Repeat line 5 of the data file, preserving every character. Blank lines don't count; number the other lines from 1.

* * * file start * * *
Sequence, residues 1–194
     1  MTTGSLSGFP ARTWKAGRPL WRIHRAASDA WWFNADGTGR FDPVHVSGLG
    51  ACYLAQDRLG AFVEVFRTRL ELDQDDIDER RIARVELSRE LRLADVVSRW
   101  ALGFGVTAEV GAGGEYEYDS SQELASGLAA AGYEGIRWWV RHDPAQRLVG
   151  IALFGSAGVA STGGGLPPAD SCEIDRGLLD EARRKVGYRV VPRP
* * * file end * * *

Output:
   151  IALFGSAGVA STGGGLPPAD SCEIDRGLLD EARRKVGYRV VPRP